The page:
Paint Less, Practice More

White objects, value study in watercolor, about 11x14 in.

White objects, value study in watercolor, about 11×14 in.

It occurred to me as I was teaching a workshop this weekend that new artists often take on the task of painting a “real” painting without doing any practice first. In fact, many don’t practice at all, but regard every painting as a formal painting that should turn out ready to be framed. It simply doesn’t work that way! In order to build a consistent quality of work, you need to practice more and not put pressure on yourself to create a masterpiece every time you pick up a brush. That should not even be your intent when you are practicing, you should instead be focused on learning and being aware of your strengths and the areas you need to address.

For example, in the study above, I was focused on:

– creating a sense of volume and form through the use of values

– comparing object placement and size to get the correct proportional relationships

– allowing the paint to form lost and found edges based on the way the shadows and light interplay with foreground and background

– paint flow and control without sacrificing fluidity

Did I get a masterpiece out of doing this? NO! of course not, but I did get a study that has an interesting composition, properly drawn forms, correct value relationships and a pleasant color harmony–so, all in all, a decent painting. Again, not a masterpiece, but a good painting.  The point is, the more frequently you paint in practice mode, the more consistent you become in building the skills that will make even your practice paintings good, viable studies that show that you have a firm understanding of the principles of painting. From there, you can continuously build and develop your skills and as you do, many of these principles will become second nature. That is when you will truly start to see improvement in your confidence and what will allow you to become more creative.

Every painting you paint will never be a masterpiece, but the more practice you do, the more consistent and confident you will become. That will allow you to produce your best work and get the most satisfaction from the process of creating.


7 Responses to Paint Less, Practice More

  1. Eleanor says:

    One person’s practice piece is another person’s masterpiece. I have enjoyed following your FB page and your blog posts and seeing your sketches. They have motivated me to start ‘a drawing a day’ program. No reason I can’t take 30 minutes out of each day to draw something and work on my foundational skills.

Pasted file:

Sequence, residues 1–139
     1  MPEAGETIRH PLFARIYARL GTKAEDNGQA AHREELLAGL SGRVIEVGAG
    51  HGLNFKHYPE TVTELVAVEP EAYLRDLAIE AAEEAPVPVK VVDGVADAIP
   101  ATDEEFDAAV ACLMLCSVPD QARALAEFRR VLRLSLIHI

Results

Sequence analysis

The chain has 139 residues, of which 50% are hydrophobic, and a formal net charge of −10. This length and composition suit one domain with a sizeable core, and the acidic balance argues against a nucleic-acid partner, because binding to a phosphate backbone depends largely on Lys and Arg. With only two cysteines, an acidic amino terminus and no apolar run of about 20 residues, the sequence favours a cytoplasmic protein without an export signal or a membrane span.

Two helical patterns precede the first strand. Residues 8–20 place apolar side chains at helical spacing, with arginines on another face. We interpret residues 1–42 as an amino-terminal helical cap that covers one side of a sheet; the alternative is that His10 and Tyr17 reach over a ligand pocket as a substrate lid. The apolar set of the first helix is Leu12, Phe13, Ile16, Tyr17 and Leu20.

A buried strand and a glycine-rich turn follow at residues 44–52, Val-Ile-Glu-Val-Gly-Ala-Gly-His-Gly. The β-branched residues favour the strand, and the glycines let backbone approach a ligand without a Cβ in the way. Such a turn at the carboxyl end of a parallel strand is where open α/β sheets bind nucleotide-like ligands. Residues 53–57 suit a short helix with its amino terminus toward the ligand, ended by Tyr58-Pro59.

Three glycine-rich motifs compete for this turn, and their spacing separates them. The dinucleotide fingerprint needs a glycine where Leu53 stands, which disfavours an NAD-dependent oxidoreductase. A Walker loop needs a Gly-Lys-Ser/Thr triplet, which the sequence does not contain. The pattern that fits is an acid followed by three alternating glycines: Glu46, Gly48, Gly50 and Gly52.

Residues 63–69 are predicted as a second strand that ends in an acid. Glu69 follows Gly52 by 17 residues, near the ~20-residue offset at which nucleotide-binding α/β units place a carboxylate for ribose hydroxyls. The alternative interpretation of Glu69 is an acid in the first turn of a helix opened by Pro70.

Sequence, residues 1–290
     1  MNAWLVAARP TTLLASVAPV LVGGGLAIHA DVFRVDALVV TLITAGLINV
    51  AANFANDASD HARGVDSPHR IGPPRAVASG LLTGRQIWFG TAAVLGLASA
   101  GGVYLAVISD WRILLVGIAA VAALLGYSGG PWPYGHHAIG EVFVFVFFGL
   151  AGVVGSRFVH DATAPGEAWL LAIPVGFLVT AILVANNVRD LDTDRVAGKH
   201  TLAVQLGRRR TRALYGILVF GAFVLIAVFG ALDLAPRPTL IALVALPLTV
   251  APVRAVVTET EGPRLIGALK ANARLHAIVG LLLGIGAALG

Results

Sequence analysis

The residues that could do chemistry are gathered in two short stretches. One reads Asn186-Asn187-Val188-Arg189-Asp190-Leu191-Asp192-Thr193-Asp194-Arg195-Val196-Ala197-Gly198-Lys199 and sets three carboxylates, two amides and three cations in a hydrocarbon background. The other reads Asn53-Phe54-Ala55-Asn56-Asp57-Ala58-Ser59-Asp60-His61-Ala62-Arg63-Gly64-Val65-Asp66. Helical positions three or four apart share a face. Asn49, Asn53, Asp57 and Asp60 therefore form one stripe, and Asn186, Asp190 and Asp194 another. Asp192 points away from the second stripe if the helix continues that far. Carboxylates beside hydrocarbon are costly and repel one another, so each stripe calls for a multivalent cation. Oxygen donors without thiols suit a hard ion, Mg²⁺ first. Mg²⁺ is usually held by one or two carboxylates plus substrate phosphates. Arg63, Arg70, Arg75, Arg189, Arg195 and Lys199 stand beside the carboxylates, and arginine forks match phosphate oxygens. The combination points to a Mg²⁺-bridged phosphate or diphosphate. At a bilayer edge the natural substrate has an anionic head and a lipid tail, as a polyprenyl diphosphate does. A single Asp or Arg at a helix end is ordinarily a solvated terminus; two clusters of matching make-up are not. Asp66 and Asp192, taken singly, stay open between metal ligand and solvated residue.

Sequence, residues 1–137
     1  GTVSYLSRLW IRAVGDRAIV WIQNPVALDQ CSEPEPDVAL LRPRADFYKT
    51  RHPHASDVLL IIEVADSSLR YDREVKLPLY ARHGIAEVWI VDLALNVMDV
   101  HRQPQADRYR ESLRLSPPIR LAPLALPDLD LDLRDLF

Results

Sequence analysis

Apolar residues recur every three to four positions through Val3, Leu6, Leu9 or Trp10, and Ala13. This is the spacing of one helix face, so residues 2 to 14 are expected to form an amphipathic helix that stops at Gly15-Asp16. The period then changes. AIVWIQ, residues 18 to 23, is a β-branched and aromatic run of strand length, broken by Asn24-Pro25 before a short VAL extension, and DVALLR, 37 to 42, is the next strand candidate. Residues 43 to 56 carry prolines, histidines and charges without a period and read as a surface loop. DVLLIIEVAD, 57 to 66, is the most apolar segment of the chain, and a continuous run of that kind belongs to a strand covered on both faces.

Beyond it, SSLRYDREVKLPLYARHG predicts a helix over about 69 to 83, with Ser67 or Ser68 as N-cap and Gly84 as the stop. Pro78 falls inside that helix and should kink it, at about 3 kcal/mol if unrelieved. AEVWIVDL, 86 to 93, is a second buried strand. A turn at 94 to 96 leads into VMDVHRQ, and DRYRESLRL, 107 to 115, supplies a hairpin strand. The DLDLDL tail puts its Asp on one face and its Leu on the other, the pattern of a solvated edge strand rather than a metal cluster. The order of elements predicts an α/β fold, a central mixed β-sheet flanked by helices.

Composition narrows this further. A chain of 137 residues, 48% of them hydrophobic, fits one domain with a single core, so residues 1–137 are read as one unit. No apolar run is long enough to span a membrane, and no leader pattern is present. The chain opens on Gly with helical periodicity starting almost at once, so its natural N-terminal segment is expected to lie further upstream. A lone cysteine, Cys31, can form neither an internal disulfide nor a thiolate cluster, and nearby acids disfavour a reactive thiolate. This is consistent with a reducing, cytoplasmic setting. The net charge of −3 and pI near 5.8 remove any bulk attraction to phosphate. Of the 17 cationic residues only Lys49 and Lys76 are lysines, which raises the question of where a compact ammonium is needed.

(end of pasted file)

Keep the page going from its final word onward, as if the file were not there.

I also like reading about your classes. All in all I’m glad I stumbled upon your e-presence.


  2. Tom Jump says:

    Hi Anne,
    I was wondering what color(s) you are using for these studies and the underlay that you do on some of your watercolors. Is it Payne’s Gray or a mixture of others? I am fairly new to watercolor and also enjoy your posts here and on FB- wish I lived close enough to take a workshop or class.

    Thanks, Tom

  3. kullaf says:

    thank you! glad to be of help

  4. kullaf says:

    Hi Tom, in this study, I used mostly Primary Blue and a bit of burnt sienna. In some of the others, I used Payne’s gray, it depends on what mood I’m in at the time–you can use any color or combination of colors as long as: a) they are dark enough to create a visible range of values and contrast, and b) they are harmonious with one another if you are using more than one color, that is, the color they create when combined is pleasing. I currently offer a perspective drawing class online and am definitely going to be offering more online course in the future. I will announce them here as them become available, so maybe we can work together that way. I also will be offering “office hours” for students who wish to schedule Facetime or Google Hangout sessions with me for private study. Fun stuff coming up down the road. 🙂

  5. Tom Jump says:

    Thanks Anne, good info. I am decent with perspective but could always get better. Can you shoot me some info on that drawing class? I think I read that it is drawing with a charcoal stick. I did classes years ago using a black Conte crayon- I would say I was moderately successful. Since then I’ve improved with perspective but I still don’t feel confident in that broad application of values which I need to work on and I think will help my painting.

  6. kullaf says:

    Sure, I just sent you an email with registration info, thanks for checking it out!

  7. Anita says:

    It’s ridiculous how we can put this pressure on ourselves. I have made it my new year’s resolution for this year that every piece is just for practice and maybe, just maybe one or two might be worth selling! practice makes perfect!

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